‘Let’s Be Real’: California Governor Ditches High-Speed Rail Project, Cites Hefty Price Tag


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Chris White Tech Reporter
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Democratic California Gov. Gavin Newsom abandoned a high-speed rail project Tuesday that sought to connect Los Angeles to San Francisco.

He suggested the high cost of the project made the idea a pipe dream.

Newsom dialed back anticipation for the project during California’s State of the State address. The Democrat suggested building a high-speed rail line between Bakersfield and Merced — a distance of 160 miles — rather than a project designed to connect the state’s two largest cities.

“Let’s level about the high-speed rail,” Newsom said. “Let’s be real, the current project as planned would cost too much and, respectfully, take too long. Right now, there simply isn’t a path to get from Sacramento to San Diego, let alone from San Francisco to L.A. I wish there were.”

Former Democratic Gov. Jerry Brown’s plan would have cost nearly $77 billion and taken more than a decade to complete, according to recent estimates.

“Critics are going to say that’s a train to nowhere, but I think that’s wrong and that’s offensive,” said Newsom, who was elected after Brown was term-limited in November 2018.

FILE PHOTO: California Governor Jerry Brown delivers his final state of the state address in Sacramento, California, U.S., January 25, 2018. REUTERS/Fred Greaves/File Photo

“Abandoning the high-speed rail entirely means we will have wasted billions and billions of dollars with nothing but broken promises … and lawsuits to show for it,” Newsom said, adding that he does not want to send the $3.5 billion in federal money allocated for the project back to the Trump administration.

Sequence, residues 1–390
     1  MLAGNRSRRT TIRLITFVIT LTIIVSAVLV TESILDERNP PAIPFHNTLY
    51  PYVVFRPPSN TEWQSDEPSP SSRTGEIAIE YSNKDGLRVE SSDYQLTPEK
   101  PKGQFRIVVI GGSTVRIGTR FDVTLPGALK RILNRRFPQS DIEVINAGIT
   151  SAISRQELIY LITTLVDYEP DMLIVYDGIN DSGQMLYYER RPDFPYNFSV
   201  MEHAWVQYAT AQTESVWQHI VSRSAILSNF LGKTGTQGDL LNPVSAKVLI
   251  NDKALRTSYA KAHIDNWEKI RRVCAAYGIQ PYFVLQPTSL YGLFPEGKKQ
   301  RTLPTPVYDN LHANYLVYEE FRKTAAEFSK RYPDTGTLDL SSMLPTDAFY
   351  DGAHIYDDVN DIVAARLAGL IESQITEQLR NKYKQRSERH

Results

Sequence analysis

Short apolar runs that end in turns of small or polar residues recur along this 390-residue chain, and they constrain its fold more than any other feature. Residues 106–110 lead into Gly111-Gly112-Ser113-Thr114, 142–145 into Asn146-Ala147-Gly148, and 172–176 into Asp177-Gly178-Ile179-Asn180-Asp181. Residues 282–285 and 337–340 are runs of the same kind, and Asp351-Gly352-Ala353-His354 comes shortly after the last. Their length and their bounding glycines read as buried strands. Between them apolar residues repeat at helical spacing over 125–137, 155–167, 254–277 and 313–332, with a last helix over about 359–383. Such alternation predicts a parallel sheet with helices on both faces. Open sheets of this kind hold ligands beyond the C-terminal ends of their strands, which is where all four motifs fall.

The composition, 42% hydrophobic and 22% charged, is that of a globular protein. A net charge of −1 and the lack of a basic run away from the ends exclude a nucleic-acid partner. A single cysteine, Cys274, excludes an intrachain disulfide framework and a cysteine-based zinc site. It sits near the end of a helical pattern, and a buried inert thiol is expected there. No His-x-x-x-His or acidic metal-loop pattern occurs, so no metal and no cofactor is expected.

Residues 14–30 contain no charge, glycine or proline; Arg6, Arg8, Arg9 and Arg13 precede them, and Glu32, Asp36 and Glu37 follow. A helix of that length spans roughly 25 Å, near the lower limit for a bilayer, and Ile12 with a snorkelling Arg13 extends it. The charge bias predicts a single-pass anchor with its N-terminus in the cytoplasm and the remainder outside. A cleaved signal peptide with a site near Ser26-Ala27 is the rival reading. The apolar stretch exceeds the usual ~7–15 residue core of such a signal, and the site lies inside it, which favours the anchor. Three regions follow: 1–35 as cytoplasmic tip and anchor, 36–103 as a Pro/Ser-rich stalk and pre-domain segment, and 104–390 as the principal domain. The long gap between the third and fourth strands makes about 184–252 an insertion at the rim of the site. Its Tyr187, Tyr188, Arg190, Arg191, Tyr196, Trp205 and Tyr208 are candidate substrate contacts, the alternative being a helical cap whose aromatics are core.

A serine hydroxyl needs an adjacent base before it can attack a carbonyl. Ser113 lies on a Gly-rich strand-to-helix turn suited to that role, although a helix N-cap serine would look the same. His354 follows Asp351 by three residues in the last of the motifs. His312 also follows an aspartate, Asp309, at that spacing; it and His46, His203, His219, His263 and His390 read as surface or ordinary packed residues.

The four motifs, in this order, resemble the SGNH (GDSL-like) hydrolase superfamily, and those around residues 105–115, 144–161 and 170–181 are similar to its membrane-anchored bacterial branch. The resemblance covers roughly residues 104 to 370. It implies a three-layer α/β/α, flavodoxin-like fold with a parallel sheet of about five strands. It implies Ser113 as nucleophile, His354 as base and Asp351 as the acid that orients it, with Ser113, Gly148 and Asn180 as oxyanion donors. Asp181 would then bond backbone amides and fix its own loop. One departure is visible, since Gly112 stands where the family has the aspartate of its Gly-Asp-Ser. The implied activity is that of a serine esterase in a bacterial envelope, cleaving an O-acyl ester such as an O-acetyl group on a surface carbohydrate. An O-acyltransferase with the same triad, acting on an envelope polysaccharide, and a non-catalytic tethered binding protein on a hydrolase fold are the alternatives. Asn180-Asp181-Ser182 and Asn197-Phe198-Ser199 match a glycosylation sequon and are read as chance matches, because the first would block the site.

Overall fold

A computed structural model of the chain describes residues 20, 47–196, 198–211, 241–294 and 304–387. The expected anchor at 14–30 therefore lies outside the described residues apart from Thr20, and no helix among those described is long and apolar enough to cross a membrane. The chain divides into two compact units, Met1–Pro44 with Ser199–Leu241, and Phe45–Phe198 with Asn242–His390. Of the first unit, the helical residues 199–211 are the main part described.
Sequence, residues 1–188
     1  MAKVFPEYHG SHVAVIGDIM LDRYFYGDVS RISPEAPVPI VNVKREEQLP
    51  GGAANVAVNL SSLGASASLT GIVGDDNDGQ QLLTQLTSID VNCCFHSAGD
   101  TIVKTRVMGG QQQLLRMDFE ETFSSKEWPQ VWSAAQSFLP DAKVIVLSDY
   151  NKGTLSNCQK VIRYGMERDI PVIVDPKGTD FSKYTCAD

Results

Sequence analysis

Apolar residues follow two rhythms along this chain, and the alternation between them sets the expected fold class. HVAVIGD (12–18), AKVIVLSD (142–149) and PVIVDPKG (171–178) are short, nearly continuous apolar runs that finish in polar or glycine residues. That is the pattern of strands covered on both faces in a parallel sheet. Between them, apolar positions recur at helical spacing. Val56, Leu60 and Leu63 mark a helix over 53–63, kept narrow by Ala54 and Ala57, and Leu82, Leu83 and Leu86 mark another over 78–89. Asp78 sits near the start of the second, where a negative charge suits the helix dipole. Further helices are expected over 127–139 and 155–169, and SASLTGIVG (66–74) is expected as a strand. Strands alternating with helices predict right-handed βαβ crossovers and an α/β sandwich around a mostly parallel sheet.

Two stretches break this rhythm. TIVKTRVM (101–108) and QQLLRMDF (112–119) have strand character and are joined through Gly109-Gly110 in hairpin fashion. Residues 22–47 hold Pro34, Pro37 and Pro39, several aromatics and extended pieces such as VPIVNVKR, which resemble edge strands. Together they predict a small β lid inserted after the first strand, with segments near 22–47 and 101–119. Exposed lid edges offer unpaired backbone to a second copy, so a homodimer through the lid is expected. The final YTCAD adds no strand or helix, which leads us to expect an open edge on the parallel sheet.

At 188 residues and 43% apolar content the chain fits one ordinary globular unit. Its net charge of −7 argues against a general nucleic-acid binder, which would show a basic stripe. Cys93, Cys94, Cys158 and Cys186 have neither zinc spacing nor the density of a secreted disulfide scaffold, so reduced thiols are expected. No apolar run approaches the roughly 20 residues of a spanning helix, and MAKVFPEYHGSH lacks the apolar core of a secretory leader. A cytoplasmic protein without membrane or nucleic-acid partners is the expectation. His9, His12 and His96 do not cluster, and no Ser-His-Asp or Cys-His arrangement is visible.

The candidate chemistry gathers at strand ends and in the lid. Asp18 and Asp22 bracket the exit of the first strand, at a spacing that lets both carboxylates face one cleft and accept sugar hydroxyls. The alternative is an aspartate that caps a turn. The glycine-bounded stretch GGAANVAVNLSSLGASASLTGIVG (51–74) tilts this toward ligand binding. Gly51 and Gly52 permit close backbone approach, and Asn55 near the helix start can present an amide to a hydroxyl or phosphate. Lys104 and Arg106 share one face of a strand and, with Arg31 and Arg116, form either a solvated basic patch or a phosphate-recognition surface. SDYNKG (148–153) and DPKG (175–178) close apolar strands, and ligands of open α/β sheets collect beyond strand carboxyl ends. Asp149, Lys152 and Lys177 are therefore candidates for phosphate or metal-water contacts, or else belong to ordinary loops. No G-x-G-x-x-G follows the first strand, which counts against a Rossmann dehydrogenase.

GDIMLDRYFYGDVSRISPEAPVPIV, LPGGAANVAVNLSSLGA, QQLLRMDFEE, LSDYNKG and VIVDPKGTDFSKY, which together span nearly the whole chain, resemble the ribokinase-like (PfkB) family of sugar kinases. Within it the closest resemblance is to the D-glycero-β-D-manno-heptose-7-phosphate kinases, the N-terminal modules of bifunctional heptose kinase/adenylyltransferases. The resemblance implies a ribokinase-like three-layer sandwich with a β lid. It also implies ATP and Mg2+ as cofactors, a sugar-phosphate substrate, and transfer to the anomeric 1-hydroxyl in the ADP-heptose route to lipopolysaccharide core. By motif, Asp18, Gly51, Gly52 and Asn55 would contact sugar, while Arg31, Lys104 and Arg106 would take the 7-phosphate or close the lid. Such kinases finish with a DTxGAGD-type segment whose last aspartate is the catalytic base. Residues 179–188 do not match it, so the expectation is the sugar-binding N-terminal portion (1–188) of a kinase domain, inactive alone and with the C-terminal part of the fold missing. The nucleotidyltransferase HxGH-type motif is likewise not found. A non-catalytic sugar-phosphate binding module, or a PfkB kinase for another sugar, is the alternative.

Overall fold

The rail project has faced a lot of controversy throughout the years. Backers of a campaign to eliminate California’s most recent gas tax, for instance, pushed an initiative in 2018 directing Brown to halt the high-speed rail project and use any unspent funds on road improvements. (RELATED: California’s Gas Tax Opponents Push A Unique Way To Pay For Road Fixes)

The new ballot initiative would have required any funds not needed for repaying rail bonds instead go to other transportation work. Supporters said the measure staves off criticism that eliminating the state’s recent pricey gas tax makes it more difficult to make infrastructure improvements.

Newsom’s decision to ditch the project comes at an awkward time for Democrats. A document posted online fleshing out elements of the so-called Green New Deal suggests Democrats are looking to “[b]uild out highspeed rail at a scale where air travel stops becoming necessary.”

Some conservatives in the state are upset that the project will continue to exist in some form.

“Make no mistake about it: Gov. Gavin Newsom’s announcement today is not about killing the wasteful High-Speed Rail Project, it is about keeping it very much alive,” Carl DeMaio, chairman of Reform California, said in a press statement Tuesday. “Newsom wants to spend tens of billions on a rail line between Merced and Bakersfield — a complete waste.”

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